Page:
Mood Induction Procedures

Mood induction procedures to accompany Jefferies et al (2008).

  • Jefferies, L.N., Smilek, D., Eich, E., & Enns, J. T. (2008). Emotional valence and arousal interact in the control of attention. Psychological Science, 19(3), 290-295. [pdf]

Appendix 1: Mood rating instructions
The questionnaire you completed a few minutes ago asked how you felt over the past week (Beck Depression Inventory) but now we are interested in how you are feeling right now.

This grid has two dimensions (show paper grid). The first is how unpleasant or pleasant you are feeling right now, and the other is how energized you feel. So starting with pleasantness, this column (pointing to center) represents a neutral state and as you move right these represent slightly, moderately, very, and extremely pleasant feelings (point to columns on right). Moving in the other direction (pointing left) these columns represent slightly to extremely unpleasant feelings.

Arousal varies the same way, but this time it moves up and down to different rows. So this direction (pointing up) represents neutral to extremely high levels of energy or activity, and this direction (pointing down) represents neutral to extremely low levels of energy.

Note that these two aspects of your feelings can both change. For example, if I come to work early in the morning, I may feel moderately unpleasant (point to column), and after having some coffee I may feel very aroused (point to row), so I would put an X in this box (point to box). But by the end of the afternoon I may be feeling low in energy, but also very pleasant because of getting back a good grade on an assignment (point to new box). So let’s start by indicating how you feel at this very moment, just to get a sense of where you are before we get started on the visual task.

Appendix 2: Mood Induction instructions
Before we begin the visual task I am going to ask you to get into a mood that makes you as [anxious, happy, sad, or calm] as you feel comfortable. You can do this by thinking about an event in your life where you felt especially (same mood word). I know that this may not be the easiest thing to do, but it is very important for our research.

I’ve done this a few times myself so I’ll tell you a few things about it. I found that since I was the one asking myself to become (same mood word) by thinking about events in my own life, I was very much in control of the mood. I could intensify, lessen, and later even end the mood quite easily by changing my thoughts.

I’ll begin by turning on some music that people usually find helpful for getting into mood that makes them feel (same mood word). While you are listening to the music, please think about a particular event from your past where you were especially (same mood word).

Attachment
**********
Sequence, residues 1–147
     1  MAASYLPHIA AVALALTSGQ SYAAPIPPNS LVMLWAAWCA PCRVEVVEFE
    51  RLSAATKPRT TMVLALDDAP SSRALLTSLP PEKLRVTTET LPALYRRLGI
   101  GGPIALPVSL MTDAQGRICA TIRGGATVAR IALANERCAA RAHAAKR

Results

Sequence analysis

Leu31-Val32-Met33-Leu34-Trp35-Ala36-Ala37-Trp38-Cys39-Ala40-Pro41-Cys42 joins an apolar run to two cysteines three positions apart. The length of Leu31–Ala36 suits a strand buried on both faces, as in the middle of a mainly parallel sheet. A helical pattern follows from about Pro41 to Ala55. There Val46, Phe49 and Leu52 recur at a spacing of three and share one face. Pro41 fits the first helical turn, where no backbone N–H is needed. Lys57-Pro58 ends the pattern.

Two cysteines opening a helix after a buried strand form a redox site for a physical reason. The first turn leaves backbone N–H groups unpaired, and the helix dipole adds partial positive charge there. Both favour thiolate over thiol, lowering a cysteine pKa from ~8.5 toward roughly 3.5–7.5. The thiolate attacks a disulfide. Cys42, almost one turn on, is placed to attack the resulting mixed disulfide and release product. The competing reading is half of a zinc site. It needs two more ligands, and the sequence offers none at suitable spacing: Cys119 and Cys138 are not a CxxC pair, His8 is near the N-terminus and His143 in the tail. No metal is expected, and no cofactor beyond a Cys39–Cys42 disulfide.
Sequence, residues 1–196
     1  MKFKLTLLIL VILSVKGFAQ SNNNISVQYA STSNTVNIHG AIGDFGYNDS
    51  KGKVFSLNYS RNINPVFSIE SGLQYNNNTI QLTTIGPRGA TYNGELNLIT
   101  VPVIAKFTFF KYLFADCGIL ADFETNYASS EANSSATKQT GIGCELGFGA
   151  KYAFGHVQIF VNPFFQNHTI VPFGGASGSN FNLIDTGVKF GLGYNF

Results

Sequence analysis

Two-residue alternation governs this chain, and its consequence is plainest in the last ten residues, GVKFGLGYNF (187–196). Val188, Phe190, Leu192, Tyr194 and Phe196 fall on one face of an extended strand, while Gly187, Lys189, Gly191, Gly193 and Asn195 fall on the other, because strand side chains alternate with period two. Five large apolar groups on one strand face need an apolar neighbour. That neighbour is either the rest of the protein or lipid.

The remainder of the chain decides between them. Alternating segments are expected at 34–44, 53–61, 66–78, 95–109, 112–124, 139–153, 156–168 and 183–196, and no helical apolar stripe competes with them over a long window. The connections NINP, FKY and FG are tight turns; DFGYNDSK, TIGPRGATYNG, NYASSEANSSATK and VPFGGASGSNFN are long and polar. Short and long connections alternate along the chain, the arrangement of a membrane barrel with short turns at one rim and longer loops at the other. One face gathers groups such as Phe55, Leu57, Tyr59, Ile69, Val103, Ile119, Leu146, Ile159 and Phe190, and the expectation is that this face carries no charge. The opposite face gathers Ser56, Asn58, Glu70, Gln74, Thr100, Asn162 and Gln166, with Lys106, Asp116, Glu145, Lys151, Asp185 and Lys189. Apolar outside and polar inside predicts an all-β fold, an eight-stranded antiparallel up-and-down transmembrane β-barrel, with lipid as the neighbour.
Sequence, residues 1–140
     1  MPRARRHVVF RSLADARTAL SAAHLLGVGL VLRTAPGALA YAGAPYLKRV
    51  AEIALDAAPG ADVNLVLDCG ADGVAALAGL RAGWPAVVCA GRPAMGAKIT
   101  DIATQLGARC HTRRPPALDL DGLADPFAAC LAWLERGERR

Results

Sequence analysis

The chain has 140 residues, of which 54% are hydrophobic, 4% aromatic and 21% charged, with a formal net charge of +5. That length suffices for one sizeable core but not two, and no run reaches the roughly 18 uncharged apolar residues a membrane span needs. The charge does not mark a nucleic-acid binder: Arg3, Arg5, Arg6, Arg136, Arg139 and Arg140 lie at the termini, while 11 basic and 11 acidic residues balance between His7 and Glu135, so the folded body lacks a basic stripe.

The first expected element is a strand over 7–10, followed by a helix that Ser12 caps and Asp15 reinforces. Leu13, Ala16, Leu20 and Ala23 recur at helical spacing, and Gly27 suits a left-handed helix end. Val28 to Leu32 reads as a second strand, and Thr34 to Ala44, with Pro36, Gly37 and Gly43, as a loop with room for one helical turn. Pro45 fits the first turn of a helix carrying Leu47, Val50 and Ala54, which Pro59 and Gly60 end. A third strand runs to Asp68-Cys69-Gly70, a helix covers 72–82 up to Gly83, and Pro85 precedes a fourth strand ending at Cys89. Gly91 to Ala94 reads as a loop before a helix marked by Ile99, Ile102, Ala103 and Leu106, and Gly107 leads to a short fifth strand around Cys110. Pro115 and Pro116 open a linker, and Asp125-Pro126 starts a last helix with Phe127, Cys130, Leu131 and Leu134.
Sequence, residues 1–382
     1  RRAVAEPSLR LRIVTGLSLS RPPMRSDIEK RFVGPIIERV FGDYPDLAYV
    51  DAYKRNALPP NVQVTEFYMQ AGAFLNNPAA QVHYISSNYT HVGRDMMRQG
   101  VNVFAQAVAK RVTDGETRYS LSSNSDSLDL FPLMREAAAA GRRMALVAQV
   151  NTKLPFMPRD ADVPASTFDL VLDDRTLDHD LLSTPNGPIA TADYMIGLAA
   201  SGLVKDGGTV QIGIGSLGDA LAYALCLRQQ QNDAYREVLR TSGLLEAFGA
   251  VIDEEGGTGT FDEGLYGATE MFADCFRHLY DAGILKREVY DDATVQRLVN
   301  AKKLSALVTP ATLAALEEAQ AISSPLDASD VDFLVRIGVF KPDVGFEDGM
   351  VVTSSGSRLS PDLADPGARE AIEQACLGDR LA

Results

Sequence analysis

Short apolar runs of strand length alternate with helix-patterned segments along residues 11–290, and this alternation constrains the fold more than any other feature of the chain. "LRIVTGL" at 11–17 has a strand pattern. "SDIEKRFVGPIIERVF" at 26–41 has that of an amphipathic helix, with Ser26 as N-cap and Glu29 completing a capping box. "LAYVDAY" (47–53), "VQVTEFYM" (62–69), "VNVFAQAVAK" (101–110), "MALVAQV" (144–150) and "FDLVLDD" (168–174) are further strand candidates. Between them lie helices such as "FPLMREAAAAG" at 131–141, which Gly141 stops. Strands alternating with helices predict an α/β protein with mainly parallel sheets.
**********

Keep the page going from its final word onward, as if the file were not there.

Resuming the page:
While you are listening to the music I’d like you to relive this event. When I did this, I thought about the time…(give a personal example). It is important to remember that the more detail you can re-create in your mind about the event, the more intensely you’ll re-live that same feelings.

But I also want to reassure you that I will take time at the end of the session to make sure you are feeling normal again before you leave today. Remember that the goal is to feel as (same mood word) as possible for this short period of time. I know this may not be easy, but are you willing to try?

I’ll leave you alone now with the music and your thoughts (dim room lighting). Please relax in the chair while you think about these events and put your feet up if you like. I’ll be coming back in every 5 minutes to ask you to rate how you are feeling. I don’t want this to disturb you. I’ll just quietly ask you to mark your mood on this grid and then I’ll leave again. Please try to stay focused on the events you are re-living. If you want to stop at any time, don’t hesitate to tell me.

Appendix 3: Representative musical pieces













Symphony No.8 in C Minor, Finale
Mars, The Bringer of War, The Planets
Grosse Fugue B Flat Major, Op. 133
Uranus, The Magician, The Planets
Four Seasons, Concerto 1: Spring, Presto
Symphony No.6 in F Major, Opus 68, Pastoral IV
Peer Gynt Suite No.2, Opus 55:1

Adagio in G Minor
Violin Concerto: Adagio di Molto
Prelude in E Minor, Opus 28, No.4
Piano Quintet No.1 in D Minor


Eine Kleine Nachtmusik: Allegro
Eine Kleine Nachtmusik: Rondo
Brandenburg Concerto #3: Allegro
The Nutcracker: Waltz of the Flowers
Slavonic Dances
Hungarian Dance No.7 in A Major
Four Seasons, Spring


Venus, The Bringer of Peace, The Planets
Ave Maria
Peer Gynt, Op.24, No.14, Act 4, Prelude
Appalachian Spring
Rodeo: No.2 Corral Nocturne
Carnival of the Animals: The Swan